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Director’s Message

Our Center advances trauma-informed care through cutting edge research, education and training, and resources that draw upon our expertise in military and disaster psychiatry. . . . [more]



This website contains an extensive library of resources organized so that you may search by topic, category or resource type.

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What’s New?

CSTS 2015 Annual Report

The Center for the Study of Traumatic Stress (CSTS) 2015 Annual Report is available for download. The Report includes an interactive table of contents and provides a summary of our research, training, education, consultation and other activities and accomplishments throughout the calendar year. The Report also includes a compilation of our publications, briefings, interviews and awards, as well as listings of our personnel and partnerships.

Orlando Tragedy

Mass shootings can be extremely disruptive and traumatic events. In response to recent tragedy at the Pulse Nightclub in Orlando, Florida, the Center for the Study of Traumatic Stress has developed several brief, educational fact sheets. They provide victims, families, community members, and leaders with guidance on enhancing self-care and optimizing well-being in the aftermath of a mass shooting event.

Leadership Communication: Anticipating and Responding to Stressful Events

Funerals and Memorials A Part of Recovery

Leadership in the Wake of Tragedy

Leadership Stress Management

Psychological First Aid: How You Can Support Well-Being in Disaster Victims

Recovery After Witnessing a Traumatic Event

Restoring a Sense of Well-Being in Children After a Disaster  Tips for Parents, Caregivers and Professionals 

Safety, Recovery and Hope after CRISIS Helping Communities and Families Recover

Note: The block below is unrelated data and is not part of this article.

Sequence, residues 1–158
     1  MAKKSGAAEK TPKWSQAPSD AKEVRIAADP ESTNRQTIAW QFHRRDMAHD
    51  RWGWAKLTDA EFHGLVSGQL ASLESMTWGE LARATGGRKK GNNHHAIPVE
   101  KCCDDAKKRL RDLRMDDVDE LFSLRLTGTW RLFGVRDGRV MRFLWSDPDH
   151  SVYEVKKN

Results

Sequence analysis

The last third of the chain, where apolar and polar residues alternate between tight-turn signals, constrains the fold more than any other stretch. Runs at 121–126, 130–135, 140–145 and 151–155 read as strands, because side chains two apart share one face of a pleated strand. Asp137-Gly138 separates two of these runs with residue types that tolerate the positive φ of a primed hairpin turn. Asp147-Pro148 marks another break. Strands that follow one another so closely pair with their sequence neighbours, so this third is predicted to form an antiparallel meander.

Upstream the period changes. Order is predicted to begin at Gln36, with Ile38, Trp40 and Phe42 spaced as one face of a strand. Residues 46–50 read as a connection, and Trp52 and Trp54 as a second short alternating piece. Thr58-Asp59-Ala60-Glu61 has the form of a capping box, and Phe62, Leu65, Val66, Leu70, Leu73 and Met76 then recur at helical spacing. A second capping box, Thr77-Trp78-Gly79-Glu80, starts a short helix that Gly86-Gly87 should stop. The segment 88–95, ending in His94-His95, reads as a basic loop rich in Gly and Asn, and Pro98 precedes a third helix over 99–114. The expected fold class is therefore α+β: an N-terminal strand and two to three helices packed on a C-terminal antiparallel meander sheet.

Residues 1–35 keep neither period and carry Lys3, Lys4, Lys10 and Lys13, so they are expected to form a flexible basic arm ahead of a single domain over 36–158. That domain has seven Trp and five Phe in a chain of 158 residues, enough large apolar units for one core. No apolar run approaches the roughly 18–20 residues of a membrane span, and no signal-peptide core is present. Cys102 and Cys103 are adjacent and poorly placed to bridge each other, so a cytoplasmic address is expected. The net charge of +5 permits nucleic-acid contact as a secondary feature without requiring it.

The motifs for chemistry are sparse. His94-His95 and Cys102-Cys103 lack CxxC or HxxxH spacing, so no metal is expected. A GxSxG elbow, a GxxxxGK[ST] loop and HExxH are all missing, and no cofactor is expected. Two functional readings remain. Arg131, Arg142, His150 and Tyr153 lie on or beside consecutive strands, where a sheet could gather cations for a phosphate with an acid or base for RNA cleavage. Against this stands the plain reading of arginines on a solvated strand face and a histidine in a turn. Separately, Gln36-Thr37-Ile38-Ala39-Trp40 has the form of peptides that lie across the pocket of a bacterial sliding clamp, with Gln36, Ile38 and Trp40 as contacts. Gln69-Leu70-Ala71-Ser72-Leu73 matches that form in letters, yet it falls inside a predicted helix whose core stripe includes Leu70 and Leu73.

Coping with Stress Following  a Mass Shooting

Preparing, Responding and Coping with the Stress of Mass Shootings

Risk Factors, Methods, and Timing

Suicide attempts in the US Army have risen in the past decade. Understanding the association between suicide attempts and deployment, as well as method and timing of suicide attempts, can assist in developing interventions. This paper examines suicide attempt risk factors, methods, and timing among soldiers currently deployed, previously deployed, and never deployed. The results indicate that identifying the timing and risk factors for suicide attempt in soldiers requires consideration of environmental context, individual characteristics, and mental health. These factors can inform prevention efforts.

[E-pub ahead of print]

Artiss Symposium 2016

The Center is a sponsoring partner for the annual Artiss Symposium. Kenneth L. Artiss, MD (1913–2001), the namesake of the symposium, was an Army officer, a research psychiatrist and instructor at the former Walter Reed Army Medical Center who inspired generations of military psychiatry residents to conduct high quality research. This year's symposium, titled "Understanding the Patients' Experience: Beyond the Diagnosis" will be held on June 1, 2016, from 0800-1600 at the National Intrepid Center of Excellence which is adjacent to the Walter Reed National Military Medical Center in Bethesda, Maryland. On site registration is free and Continuing Education credits will be offered.

Army STARRS Issue 9 Updated May 26, 2016

Army STARRS (2009-2015) was the largest and most comprehensive research project of mental health ever conducted in the U.S. Army. The project was designed to examine a broad range of risk and resilience (protective) factors across a complex set of outcomes. Army STARRS scientists created a series of extensive databases with the potential to achieve groundbreaking results. These databases allow scientists to investigate a diverse combination of factors from demographic, psychological, biological, neurological, behavioral, and social domains to help identify risk and resilience factors for Soldier suicidal behaviors and associated mental health issues. The project was designed using an adaptive approach which means it evolved as new information became available over the course of the project. With the goal of generating actionable findings, the research team shared preliminary findings with the Army as they become available so that the Army could apply them to its ongoing health promotion, risk reduction, and suicide prevention efforts.